Marrying an Asian woman does not lessen a Jewish man s Jewishness; rather it creates a cultural hybrid. Paul Golin, associate executive director of the Jewish Outreach Institute, who is married to a Japanese woman, explained in a Huffington Post editorial that exploring another culture has in no way diminished my own identity; in fact, it s strengthened it because I ve had to reciprocate by serving as tour guide into Jewish life for my Japanese wife. 92 Jewpanese is the word Golin coined to describe his wedding and his identity as a couple with his wife, Yurika, and his children s identities. 93 Rejecting other labels, Golin claims they are not interfaith ; there is only one faith represented in our holiday celebrations and in our home: Judaism. Our wedding was a Jewish wedding, with intercultural aspects. 94 Regarding his children, Golin emphasizes, Their religion will be 100 percent Jewish and their culture will be half Jewish, half Japanese and 100 percent American! 95 Answering the oft-cited question posed by in-marriage advocates, Will his grandchildren be Jewish? Golin suggests that it will depend on whether the Jewish community has successfully attracted, welcomed, and retained Jews of diverse cultural heritages. In his usual satirical style, comic artist Eli Valley took to town the sociologists who contend that intermarriage spells the demise of the Jewish people. In one frame of the strip Bucky Shvitz: Sociologist for Hire, Valley illustrates Paul and Yurika on the cover of a pseudo publication, The Japanese Menace, with the text insinuating that the sociologist specializing in intermarriage fixed the numbers so that the children of the Jewish-Japanese couple would commit suicide in the womb. 96 Clearly, Jewish men like Golin and Valley dispute the idea that out marriage inhibits Jewish continuity.
Even without the benefit of a full-scale historical account of Jewish-Asian marriages, one can easily see that a dramatic shift occurred between the end of World War II and the present day. Japanese war brides then, Asian women abandoned their race by marrying Jewish white men. In the years after the Second World War, American servicemen entered Japan as conquerors to find an impoverished people and some Japanese women who sought greater autonomy than they would have found in a traditional Japanese marriage. According to historian Paul Spickard, Despite intense opposition from the Japanese populace and the American military, thousands of couples married. 97 Nat Lehrman s 1957 marriage to Kazuko Miyajima, whom he met while serving in Japan during peacetime, was unconventional according to American and Jewish social norms. Japanese people were still viewed as murderous kamikazes who bombed Pearl Harbor, according to one scholar, and Lehrman s mother threatened to kill herself when she first learned of the interracial couple s plans to wed. 98 Less than sixty-five years after the war ended, Asian Americans were dealing with continuity issues not entirely dissimilar from the American Jewish community s concerns. In No More Jewish Husbands, an American woman of Chinese parentage, whose three sisters married Jewish men, wrote, Now the pressure from my parents for me to marry a Chinese guy is too much. 99 Fear of cultural assimilation cuts across Asian groups. Helen Kim s parents repeatedly told her, You are not to date or marry anyone who isn t Korean. 100 However in more recent years, resistance to intermarriage from Asian family members seems to have diminished, according to Kim and Leavitt s study. 101 Illustrating the cultural shift, novelist Gish Gen captured the change over time in her fictional portrayal of one Asian group when they became the new Jews in her 1996 book Mona in the Promised Land . In the story, teenage Mona s Chinese immigrant parents move to Scarsdale, New York, and she not only falls in love with a Jewish boy but also considers converting to Judaism. 102 It appears that Jewish mah jong and Chinese mah jong, to raise a humorous point made by author Amy Tan in The Joy Luck Club , may not be so different after all. 103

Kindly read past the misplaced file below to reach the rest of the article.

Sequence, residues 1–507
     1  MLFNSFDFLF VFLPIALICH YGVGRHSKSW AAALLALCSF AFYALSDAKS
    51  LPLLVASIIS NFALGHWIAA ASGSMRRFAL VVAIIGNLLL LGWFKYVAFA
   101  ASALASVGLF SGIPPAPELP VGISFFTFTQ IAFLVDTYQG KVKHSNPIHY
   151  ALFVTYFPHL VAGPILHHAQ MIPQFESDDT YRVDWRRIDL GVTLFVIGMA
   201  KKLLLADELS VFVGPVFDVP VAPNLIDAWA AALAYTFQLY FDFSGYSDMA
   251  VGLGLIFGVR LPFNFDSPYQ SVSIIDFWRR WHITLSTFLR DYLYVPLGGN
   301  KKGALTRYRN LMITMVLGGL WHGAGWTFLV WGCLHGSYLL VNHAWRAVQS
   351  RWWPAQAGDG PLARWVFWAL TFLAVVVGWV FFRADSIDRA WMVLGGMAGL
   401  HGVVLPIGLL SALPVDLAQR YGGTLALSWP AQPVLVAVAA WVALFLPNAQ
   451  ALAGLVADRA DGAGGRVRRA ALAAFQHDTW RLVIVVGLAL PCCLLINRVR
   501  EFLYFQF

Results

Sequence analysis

This book looks at two age cohorts of men: those born between 1922 and 1945, and baby boomers born between 1946 and 1964. I argue that Jewish men, like most American men, were socially encouraged to achieve professional success first and foremost, to become good providers for their wives and children. This pressure, combined with a Jewish cultural emphasis on educational aptitude and family solidarity, influenced the belief that Jewish men make good husbands. Childhood experiences influenced marital choices and perspectives as fathers. The life experiences of men who intermarried between 1991 and 2008 illustrate that becoming a father reawakened men s Jewish identities in cultural ways, yet their involvement in the Jewish community and their children s upbringing remained hampered by gendered family dynamics and ongoing pressures to be the primary breadwinners. Revealing the actual women behind shiksappeal turns the readers attention to the Christian wives the Jewish men married and dismantles the myth that so-called shiksas lured men away from their religion and family of origin. American Jewish culture has long condoned Jewish men practicing on Christian girls, with the understanding that they would not actually marry them. 104 One need look no farther than White House senior advisor Rahm Emanuel s quip to President Bill Clinton after the Monica Lewinsky scandal: You got it backwards. You messed around with a Jewish girl and now you re paying a goyish lawyer. You should have messed around with a goyishe girl and gotten a Jewish lawyer. 105 Studying the other woman, rather than merely reiterating outmoded and pejorative comments about her, provides a fuller understanding of the gendered meaning of intermarriage. With the exception of direct quotes that use the word gentile, I refer to these women as Christians. Although gentile means non-Jewish, it is primarily used by Jews talking about non-Jews and, however inadvertent, can be offensive to people of other faith backgrounds. 106 An analysis of intermarried Jewish celebrities and representations of Jewish intermarriage in popular culture grapples with the extent to which life influences art. Examining the gendered patterns of fictional portrayals over time illustrates how these depictions increasingly prioritized interfaith romances between Jewish men and Christian women. Finally, I explain how men s involvement in Jewish parenting and the Jewish community needs to be considered in their fuller contexts, which include interactions with members of Jewish leadership and the ongoing American reality of men spending more hours at work away from their families than do women.